For people from Canada doing online trading in US stocks, or for any trader, it is important to watch out for mergers and acquisitions that reflect on the stock position of the concerned companies. In this case, it could be a reflection on the positive side.
Microsoft Corp’s $26.2 billion acquisition of LinkedIn Corp is the largest ever acquisition in the company’s history. Both companies have been going through tough times recently, and both are expected to benefit from the deal. Microsoft needs to be revitalized, and Chief Executive Satya Nadella believes this deal will achieve that and take away public perceptions of the company being left behind by technology shifts.
New Avenues for Both Companies
The deal is expected to open up new avenues for Microsoft Office and LinkedIn, since each of these have already saturated their respective markets. It is also expected, of course, to build up the competitive position and revenue of Microsoft. Nadella believes that this is finally when the professional cloud and network merge. The LinkedIn social network can revitalize the software offerings of the tech giant.
There are indeed many possibilities of linking the two that can help the day-to-day lives of people. Office could be directly connected to LinkedIn to enable conference or meeting attendees to study more about other participants directly from their calendar invitations. Sales representatives can make use of Microsoft Dynamics software to manage customer relationships, while the LinkedIn data could provide useful information on the background of potential customers.
There are also opportunities with Lynda.com, the video training channel that was purchased by LinkedIn. Microsoft can offer Lynda videos within its Excel spreadsheets or in other software elements. Nadella also has the idea of Microsoft’s Cortana digital assistant being given access to LinkedIn data.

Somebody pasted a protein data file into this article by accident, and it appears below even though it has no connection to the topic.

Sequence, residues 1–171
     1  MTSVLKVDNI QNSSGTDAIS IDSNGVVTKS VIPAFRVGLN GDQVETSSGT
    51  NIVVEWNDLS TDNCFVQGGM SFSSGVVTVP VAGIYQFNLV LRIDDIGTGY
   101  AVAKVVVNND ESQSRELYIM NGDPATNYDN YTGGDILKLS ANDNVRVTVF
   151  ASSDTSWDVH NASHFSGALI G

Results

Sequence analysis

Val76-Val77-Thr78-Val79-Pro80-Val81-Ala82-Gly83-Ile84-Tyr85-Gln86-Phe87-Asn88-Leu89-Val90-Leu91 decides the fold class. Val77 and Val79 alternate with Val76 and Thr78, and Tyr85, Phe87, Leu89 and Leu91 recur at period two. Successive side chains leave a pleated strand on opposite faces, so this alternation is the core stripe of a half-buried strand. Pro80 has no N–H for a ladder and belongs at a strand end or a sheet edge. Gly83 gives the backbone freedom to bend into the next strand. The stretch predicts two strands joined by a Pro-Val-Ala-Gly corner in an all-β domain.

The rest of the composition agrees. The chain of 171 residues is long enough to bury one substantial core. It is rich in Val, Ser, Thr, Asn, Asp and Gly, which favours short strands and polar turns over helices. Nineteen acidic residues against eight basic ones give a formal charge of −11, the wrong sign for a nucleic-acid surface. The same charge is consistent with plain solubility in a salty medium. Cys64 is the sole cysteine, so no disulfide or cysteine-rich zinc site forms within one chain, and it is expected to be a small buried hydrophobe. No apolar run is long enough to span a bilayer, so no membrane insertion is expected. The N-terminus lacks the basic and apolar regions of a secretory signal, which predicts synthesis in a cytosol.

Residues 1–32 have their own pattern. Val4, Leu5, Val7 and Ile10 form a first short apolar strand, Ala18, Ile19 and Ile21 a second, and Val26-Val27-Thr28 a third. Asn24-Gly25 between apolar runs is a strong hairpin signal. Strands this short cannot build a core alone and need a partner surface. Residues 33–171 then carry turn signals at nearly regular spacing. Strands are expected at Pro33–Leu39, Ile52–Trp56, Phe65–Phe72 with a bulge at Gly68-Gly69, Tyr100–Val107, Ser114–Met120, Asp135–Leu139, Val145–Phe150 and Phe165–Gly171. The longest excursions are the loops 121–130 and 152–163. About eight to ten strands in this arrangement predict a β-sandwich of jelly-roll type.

Deal Could Lift LinkedIn from Its Decelerating Growth
Thinking from the LinkedIn perspective, the hope for the deal is to help lift the company from this situation of decelerating growth and provide its shareholders an exit following its stock tumbling from the $269 peak in February 2015 to the depths of $101.11 in February 2016.
Microsoft will pay $196 for every LinkedIn share and a 50% premium to LinkedIn’s Friday, June 24 closing price. The deal has been approved by the boards of both the companies, and LinkedIn controlling shareholder and chairman Reid Hoffman also supports the transaction. Jeff Weiner will continue to be Chief Executive of LinkedIn when the closure of the deal takes place, probably by the end of 2016.
This deal could add to the per-share earnings of Microsoft in 2019, and the company believes LinkedIn’s negative impact on it will be only around 1% on the adjusted earnings for the 2017 and 2018 fiscal years.
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